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    Draco Malfoy

    Madness: A Bipolar Life (Marya Hornbacher)

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    • Hornbacher, who detailed her struggle with bulimia and anorexia in Wasted, now shares the story of her lifelong battle with mental illness, finally diagnosed as rapid cycling type 1 bipolar disorder. Even as a toddler, Hornbacher couldn’t sleep at night and jabbered endlessly, trying to talk her parents into going outside to play in the dark. Other schoolchildren called her crazy. When she was just 10, she discovered alcohol was a good mood stabilizer; by age 14, she was trading sex for pills. In her late teens, her eating disorder landed her in the hospital, followed by another body obsession, cutting. An alcoholic by this point, she was alternating between mania and depression, with frequent hospitalizations. Her doctor explained that not only did the alcohol block her medications, it was up to her to control her mental illness, which would always be with her. This truth didn’t sink in for a long, long time, but when it did, she had a chance for a life outside her local hospital’s psychiatric unit. Hornbacher ends on a cautiously optimistic note—she knows she’ll never lead a normal life, but maybe she could live with the life she does have. Although painfully self-absorbed, Hornbacher will touch a nerve with readers struggling to cope with mental illness. 

      Begins with a detailed account of cutting an artery, references self-injury in other sections.

    • Book Title Madness: A Bipolar Life
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    • Draco Malfoy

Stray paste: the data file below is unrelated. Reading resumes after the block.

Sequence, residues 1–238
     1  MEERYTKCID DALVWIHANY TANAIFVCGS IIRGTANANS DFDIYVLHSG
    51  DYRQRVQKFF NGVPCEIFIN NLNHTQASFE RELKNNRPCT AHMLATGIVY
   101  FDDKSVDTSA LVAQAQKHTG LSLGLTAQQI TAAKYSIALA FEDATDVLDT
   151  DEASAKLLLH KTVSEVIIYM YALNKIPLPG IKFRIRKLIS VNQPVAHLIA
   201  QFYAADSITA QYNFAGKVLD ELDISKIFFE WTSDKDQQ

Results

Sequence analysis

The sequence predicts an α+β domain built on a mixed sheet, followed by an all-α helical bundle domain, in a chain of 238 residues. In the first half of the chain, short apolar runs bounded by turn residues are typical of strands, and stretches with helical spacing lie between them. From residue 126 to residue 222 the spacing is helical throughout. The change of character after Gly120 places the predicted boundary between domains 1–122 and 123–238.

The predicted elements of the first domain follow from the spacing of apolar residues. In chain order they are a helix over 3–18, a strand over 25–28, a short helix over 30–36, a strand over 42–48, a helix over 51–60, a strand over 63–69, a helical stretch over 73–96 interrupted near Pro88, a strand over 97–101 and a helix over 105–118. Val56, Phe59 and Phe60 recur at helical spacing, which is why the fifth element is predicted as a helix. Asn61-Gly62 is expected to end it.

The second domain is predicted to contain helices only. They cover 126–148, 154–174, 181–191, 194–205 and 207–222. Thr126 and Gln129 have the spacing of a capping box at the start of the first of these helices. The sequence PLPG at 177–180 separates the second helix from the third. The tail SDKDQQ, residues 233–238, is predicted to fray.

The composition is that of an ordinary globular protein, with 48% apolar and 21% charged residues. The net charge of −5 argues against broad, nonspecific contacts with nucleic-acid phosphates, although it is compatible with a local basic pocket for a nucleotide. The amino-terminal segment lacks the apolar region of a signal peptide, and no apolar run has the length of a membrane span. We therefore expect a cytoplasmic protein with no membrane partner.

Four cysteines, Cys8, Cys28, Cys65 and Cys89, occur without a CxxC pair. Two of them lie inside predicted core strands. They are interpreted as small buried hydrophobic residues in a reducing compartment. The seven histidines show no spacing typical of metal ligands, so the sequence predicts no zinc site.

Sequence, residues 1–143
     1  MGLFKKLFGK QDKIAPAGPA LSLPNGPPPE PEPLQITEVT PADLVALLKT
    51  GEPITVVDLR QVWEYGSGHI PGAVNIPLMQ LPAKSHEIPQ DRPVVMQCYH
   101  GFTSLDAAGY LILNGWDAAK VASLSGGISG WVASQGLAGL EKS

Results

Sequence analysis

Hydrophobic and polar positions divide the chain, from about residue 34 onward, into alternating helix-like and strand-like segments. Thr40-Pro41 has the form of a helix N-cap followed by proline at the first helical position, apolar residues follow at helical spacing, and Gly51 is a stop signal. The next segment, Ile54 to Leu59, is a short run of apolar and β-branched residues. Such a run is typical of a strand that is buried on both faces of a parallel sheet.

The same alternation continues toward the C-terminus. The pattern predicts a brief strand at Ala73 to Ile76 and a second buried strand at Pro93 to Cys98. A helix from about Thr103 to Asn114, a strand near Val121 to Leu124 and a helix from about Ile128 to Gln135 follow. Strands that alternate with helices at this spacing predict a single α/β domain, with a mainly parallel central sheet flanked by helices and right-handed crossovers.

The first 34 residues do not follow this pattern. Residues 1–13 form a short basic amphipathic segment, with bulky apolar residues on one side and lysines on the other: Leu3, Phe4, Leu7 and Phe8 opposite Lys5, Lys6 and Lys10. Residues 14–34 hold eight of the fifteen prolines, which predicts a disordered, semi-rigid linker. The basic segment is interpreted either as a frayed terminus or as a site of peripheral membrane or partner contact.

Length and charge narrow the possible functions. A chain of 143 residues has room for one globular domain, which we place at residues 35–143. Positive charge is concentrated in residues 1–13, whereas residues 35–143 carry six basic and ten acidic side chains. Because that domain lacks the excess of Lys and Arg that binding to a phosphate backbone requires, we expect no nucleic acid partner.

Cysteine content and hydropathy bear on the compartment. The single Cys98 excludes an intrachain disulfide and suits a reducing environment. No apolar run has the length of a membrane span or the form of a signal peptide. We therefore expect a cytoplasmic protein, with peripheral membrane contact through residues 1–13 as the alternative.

By Draco Malfoy
      Eating disorders are frequently written about but rarely with such immediacy and candor. Hornbacher was only 23 years old when she wrote this book so there is no sense of her having distanced herself from the disease or its lingering effects on her. This, combined with her talent for writing, gives readers a real sense of the horror of anorexia and bulimia and their power to dominate an individual’s life. The author was bulimic as a fourth grader and anorexic at age 15. She was hospitalized several times and institutionalized once. By 1993 she was attending college and working as a journalist. Her weight had dropped to 52 pounds and doctors in the emergency room gave her only a week to live. She left the hospital, decided she wanted to live, then walked back and signed herself in for treatment. This is not a quick or an easy read. Hornbacher talks about possible causes for the illnesses and describes feeling isolated, being in complete denial, and not wanting to change or fearing change, until she nearly died. Young people will connect with this compelling and authentic story.

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Welcome to self-injury.net. We are a support community for self-harmers and also provide information on self-harm, creative works, media lists, lists of resources (helplines, textlines, mental health apps, therapists, etc.), etc. We focus on self-injury but a number of other mental health issues are included.

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  • self-injury.net is a self-harm community and resource founded in 1999. Provides support, resources, and information on self-harm.
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